The Treasury Department’s Federal Advisory Committee on Insurance is studying “the potential for major disruptions” in coverage in U.S. regions “that are particularly vulnerable to climate impacts,” according to a committee presentation this month.
In California, after wildfires in 2017 and 2018 caused property insurers to lose $20 billion, insurers raised rates and canceled, or opted not to renew, hundreds of thousands of policies in high-risk areas, according to state figures and a new Congressional Budget Office report. State Insurance Commissioner Ricardo Lara has imposed a series of moratoriums barring insurers from dropping policies in wildfire-prone areas.
In Louisiana, FedNat and other insurers have recently announced the cancellation of tens of thousands of policies as they struggle to pay claims from Hurricane Ida, a devastating Category 4 storm that caused tens of billions of dollars of damage in the state in August.
“Other states that maybe aren’t watching Florida closely should pay attention,” said Paul Handerhan, president of the Florida-based Federal Association for Insurance Reform, a nonprofit consumer advocate.
Florida’s insurance crisis is driven by factors that are complex and unique to the state: an insurance market dominated by small, local companies; a legal system that insurers say invites lawsuits challenging claims awards; and vast exposure to the effects of climate change.
One of the nation’s fastest-growing states, Florida’s development has boomed in coastal areas that are vulnerable to hurricanes and flooding. Three-quarters of Florida’s 21.5 million residents live in a coastal county, according to the latest Census Bureau figures.
“We’re building a lot of homes in hazard-prone areas,” said Charles Nyce, a risk management and insurance expert at Florida State University.
Florida insurers cover wind damage and other perils except for flooding, which is covered through separate policies that are usually underwritten by the federal government’s flood insurance program.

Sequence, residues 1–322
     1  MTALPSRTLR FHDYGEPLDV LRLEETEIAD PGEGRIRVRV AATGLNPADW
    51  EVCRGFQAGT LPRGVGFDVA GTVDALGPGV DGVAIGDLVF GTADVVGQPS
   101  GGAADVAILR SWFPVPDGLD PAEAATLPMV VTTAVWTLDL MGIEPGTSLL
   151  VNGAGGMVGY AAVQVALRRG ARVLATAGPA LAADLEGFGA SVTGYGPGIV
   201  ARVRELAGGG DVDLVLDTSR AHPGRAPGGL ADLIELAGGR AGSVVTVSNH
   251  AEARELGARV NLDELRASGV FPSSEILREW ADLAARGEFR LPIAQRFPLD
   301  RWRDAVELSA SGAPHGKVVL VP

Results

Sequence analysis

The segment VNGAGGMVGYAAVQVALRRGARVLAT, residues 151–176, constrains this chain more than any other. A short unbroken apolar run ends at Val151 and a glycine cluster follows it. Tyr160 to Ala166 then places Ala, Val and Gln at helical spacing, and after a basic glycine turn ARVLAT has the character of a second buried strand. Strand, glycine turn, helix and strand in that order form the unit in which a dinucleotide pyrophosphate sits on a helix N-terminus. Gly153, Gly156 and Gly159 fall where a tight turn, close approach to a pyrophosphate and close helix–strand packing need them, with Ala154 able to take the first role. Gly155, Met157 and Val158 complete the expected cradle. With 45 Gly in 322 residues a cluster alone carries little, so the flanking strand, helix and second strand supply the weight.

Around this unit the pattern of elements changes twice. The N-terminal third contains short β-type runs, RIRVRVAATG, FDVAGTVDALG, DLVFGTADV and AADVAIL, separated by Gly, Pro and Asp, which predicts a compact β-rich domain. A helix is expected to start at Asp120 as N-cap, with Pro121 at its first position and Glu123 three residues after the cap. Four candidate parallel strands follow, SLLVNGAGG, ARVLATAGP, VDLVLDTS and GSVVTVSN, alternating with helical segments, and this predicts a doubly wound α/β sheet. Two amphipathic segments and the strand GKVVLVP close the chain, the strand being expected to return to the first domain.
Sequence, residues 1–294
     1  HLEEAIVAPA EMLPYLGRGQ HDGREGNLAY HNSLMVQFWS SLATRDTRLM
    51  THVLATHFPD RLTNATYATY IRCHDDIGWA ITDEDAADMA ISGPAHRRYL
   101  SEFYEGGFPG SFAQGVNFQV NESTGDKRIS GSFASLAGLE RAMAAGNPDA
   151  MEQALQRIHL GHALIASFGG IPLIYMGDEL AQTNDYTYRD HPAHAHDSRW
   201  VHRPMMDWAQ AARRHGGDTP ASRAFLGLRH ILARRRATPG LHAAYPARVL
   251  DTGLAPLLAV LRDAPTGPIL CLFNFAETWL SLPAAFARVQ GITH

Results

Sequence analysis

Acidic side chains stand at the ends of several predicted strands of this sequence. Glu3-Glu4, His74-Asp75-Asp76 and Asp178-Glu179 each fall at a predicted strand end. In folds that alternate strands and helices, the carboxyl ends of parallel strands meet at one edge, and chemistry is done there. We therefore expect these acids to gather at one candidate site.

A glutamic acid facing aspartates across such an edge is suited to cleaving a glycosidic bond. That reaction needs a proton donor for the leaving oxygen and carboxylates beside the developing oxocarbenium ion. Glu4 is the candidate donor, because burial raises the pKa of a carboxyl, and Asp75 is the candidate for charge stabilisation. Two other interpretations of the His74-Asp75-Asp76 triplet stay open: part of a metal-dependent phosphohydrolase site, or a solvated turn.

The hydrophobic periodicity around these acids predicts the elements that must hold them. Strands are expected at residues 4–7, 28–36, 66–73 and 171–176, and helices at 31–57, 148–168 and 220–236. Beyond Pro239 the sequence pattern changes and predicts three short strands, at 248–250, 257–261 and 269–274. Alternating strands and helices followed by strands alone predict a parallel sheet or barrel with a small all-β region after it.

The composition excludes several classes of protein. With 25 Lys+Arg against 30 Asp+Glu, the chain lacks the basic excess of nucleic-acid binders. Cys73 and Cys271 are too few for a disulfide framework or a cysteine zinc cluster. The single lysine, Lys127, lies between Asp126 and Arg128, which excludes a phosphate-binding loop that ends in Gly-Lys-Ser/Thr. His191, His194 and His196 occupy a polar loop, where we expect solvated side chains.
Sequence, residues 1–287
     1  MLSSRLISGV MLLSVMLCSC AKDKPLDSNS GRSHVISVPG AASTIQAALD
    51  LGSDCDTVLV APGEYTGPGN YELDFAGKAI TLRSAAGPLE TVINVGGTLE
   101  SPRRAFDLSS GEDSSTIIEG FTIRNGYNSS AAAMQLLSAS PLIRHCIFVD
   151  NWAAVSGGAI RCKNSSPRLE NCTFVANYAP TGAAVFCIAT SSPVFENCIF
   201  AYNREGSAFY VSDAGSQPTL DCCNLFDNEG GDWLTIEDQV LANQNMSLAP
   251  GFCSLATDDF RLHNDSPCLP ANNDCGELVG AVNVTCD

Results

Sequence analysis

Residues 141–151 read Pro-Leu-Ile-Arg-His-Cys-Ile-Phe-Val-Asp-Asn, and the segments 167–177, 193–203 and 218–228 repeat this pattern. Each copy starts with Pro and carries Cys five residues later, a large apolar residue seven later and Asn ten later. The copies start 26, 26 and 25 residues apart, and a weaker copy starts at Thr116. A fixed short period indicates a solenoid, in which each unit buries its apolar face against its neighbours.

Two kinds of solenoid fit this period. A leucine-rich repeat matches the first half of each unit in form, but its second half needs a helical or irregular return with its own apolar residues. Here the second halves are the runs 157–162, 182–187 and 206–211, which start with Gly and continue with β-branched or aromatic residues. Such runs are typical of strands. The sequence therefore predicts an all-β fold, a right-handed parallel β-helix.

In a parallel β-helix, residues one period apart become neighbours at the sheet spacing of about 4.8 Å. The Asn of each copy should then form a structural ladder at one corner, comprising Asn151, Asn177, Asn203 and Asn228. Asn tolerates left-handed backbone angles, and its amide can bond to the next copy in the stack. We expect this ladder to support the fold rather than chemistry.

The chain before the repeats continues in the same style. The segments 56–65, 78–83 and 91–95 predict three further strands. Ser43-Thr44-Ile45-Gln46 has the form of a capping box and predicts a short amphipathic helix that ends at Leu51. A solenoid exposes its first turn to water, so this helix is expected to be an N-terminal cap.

The insurance pullback has occurred mostly in the past two years, a period in which Florida has been spared any major hurricane. The timing has led some people — including Florida lawmakers — to minimize the significance of disasters and climate change and focus on issues such as insurance fraud and fees for lawyers who sue insurers.
“Florida’s property insurance crisis is a man-made disaster, not a natural disaster,” Friedlander of the insurance institute said, pointing to the absence of major hurricanes in recent years.
Although Florida’s last major hurricane occurred in 2018, the state has nonetheless experienced a series of minor hurricanes and tropical storms, such as Elsa and Fred last year, as well as unnamed storms, wildfires and other events.
A report last month by AM Best found that “the greater frequency of secondary perils” in Florida — such as severe thunderstorms, hail and wind storms — contributed to the insurance crisis.
And although Florida was spared 2020’s Hurricane Laura and other recent major U.S. storms, the state’s last two major hurricanes were devastating and helped trigger the insurance crisis.
Hurricane Michael, a Category 5 storm, demolished the state’s panhandle in 2018. Hurricane Irma in 2017 damaged the entire state and is listed by NOAA as the nation’s sixth-costliest disaster since 1980.